The stunning new texts, documents, and impeachment evidence released by the House, explained

The House Intelligence Committee quietly released a new batch of impeachment inquiry evidence Tuesday evening: documents provided by Rudy Giuliani’s fixer for Ukraine, Lev Parnas.

And boy, are they ugly.

The documents, which include Parnas’s handwritten notes, copies of text messages, and other correspondence, reveal some new information — including that Giuliani claimed to be acting with President Trump’s “knowledge and consent” in his communications with the Ukrainian government.

One handwritten note of Parnas’s, scribbled on Ritz-Carlton hotel stationery, clearly states his main objective in his dealings with Ukraine: to get Ukraine’s president to announce “the Biden case will be investigated.”

The documents also provide the strongest evidence yet that there was a corrupt understanding involving prosecutor general Yuriy Lutsenko (a Ukrainian official in the previous regime). Lutsenko offered to investigate Burisma and the Bidens — and, in exchange, he insisted that US Ambassador to Ukraine Marie Yovanovitch, whom he had clashed with, be fired. He made this quid pro quo clear in his messages to Parnas.

But most disturbing of all is a set of messages Parnas received from a person named Robert F. Hyde, a Republican congressional candidate. Hyde texted Parnas that he had people tracking Yovanovitch’s movements closely in Ukraine. He claimed he could tell whether her phone and computer were off. And he wrote: “If you want her out they need to make contact with security forces.” (It is not yet clear whether these claims by Hyde were true.)

There’s relatively little about Trump specifically here — Parnas was a degree removed from the president — but the overall takeaway is that the effort to get dirt on Biden stunk to high heaven of corruption.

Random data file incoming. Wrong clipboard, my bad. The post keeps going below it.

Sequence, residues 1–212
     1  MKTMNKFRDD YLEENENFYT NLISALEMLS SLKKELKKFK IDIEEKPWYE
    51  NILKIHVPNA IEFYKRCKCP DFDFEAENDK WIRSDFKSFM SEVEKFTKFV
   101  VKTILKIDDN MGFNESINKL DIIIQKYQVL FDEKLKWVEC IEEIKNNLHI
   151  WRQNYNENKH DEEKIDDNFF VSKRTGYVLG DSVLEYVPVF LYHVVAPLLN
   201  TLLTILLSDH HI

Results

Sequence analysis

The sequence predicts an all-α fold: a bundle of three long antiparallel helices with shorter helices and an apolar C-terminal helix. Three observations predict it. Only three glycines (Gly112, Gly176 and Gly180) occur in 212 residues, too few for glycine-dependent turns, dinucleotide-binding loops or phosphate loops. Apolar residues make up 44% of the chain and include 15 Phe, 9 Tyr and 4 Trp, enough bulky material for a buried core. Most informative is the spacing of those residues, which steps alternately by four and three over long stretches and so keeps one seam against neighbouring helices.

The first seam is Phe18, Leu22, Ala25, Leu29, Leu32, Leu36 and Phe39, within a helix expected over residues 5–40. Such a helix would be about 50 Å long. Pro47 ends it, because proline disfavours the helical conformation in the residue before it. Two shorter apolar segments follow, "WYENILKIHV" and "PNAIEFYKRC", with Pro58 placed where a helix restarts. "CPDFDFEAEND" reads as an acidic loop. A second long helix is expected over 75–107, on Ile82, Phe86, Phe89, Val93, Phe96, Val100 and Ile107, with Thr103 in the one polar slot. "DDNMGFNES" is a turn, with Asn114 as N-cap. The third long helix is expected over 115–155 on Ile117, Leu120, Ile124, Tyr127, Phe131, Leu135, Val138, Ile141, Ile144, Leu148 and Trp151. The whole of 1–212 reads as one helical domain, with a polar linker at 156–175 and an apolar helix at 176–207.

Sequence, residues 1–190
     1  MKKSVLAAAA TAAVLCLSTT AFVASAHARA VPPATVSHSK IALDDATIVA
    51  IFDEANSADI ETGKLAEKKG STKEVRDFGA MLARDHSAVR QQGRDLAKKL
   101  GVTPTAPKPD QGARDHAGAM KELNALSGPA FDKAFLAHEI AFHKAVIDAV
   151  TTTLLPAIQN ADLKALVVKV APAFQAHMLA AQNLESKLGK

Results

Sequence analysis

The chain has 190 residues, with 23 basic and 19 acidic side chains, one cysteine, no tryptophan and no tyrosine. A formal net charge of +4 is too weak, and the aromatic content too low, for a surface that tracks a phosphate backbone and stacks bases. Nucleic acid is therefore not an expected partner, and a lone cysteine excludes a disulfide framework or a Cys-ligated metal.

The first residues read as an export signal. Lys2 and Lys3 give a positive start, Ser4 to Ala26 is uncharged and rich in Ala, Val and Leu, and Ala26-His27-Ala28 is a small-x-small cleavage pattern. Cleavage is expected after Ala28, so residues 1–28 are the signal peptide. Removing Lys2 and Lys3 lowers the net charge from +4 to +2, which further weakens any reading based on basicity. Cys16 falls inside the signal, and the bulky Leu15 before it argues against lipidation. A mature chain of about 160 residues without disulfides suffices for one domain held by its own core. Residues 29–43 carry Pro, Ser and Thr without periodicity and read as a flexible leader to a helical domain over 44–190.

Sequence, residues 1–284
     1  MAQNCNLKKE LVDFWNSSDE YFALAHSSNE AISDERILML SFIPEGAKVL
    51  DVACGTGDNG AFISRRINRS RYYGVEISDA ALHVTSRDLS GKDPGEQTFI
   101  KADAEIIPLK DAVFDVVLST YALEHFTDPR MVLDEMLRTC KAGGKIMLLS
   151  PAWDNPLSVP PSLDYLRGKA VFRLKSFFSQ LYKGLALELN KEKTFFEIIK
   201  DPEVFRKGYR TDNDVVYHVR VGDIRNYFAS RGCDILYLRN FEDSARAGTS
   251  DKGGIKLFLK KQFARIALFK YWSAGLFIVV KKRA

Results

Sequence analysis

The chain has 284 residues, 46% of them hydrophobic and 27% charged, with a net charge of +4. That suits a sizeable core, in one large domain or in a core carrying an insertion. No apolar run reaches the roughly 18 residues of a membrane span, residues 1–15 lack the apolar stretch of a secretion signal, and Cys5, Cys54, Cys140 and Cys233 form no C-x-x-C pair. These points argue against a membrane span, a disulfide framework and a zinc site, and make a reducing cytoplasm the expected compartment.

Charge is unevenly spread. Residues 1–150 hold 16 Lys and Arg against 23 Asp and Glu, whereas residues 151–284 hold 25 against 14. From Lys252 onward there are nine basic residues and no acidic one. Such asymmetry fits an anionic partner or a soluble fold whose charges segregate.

Who is Lev Parnas again?

Lev Parnas is a Soviet-born US citizen now living in Florida who donated large sums of money to Republicans in recent years and became a close associate of Giuliani. Parnas and his colleague Igor Fruman ended up serving as Giuliani’s “fixers” in his search for dirt that would help Trump politically in Ukraine. They talked to Ukrainian officials and tried to help Giuliani get documents and meetings.

In October, though, Parnas and Fruman were indicted by the US Attorney’s Office for the Southern District of New York on charges of campaign finance law violations, regarding those hundreds of thousands of dollars they donated to Republicans in 2018. Since then, Fruman has been quiet — but Parnas went public, claiming through his lawyer that he had important information about the impeachment inquiry that Democrats would want.

The judge in Parnas’s case gave him permission to turn over some of the evidence prosecutors had obtained to House impeachment investigators. He has done so — and this is our first look at some of what he provided.

Giuliani told the Ukrainians he was acting on Trump’s behalf

First off, the documents make clear that Giuliani told the Ukrainians he was acting at Trump’s behest. He wrote a letter to Zelensky dated May 10, 2019, while Zelensky was still president-elect and shortly before he was inaugurated, asking for a meeting.

“In my capacity as personal counsel to President Trump and with his knowledge and consent, I request a meeting with you,” Giuliani wrote.

Giuliani did not explain what the meeting was about — but the letter’s date is one day after Giuliani told the New York Times he would soon be traveling to Kyiv to try to get the Ukrainian government to investigate the Bidens and supposed Ukraine interference in the 2016 election.

Giuliani also wrote in the letter that he would be accompanied on the trip by Victoria Toensing, a conservative lawyer involved in the dirt-digging effort (whom Giuliani described as “very familiar with this matter”).

The documents also reveal that when Parnas and Fruman came under scrutiny in the impeachment inquiry (but before his arrest), Trump personally approved his former lawyer John Dowd’s representation of the pair. That’s according to an email from Trump’s lawyer Jay Sekulow.

Sekulow will be among Trump’s defense team in his Senate trial.

An intriguing note from Parnas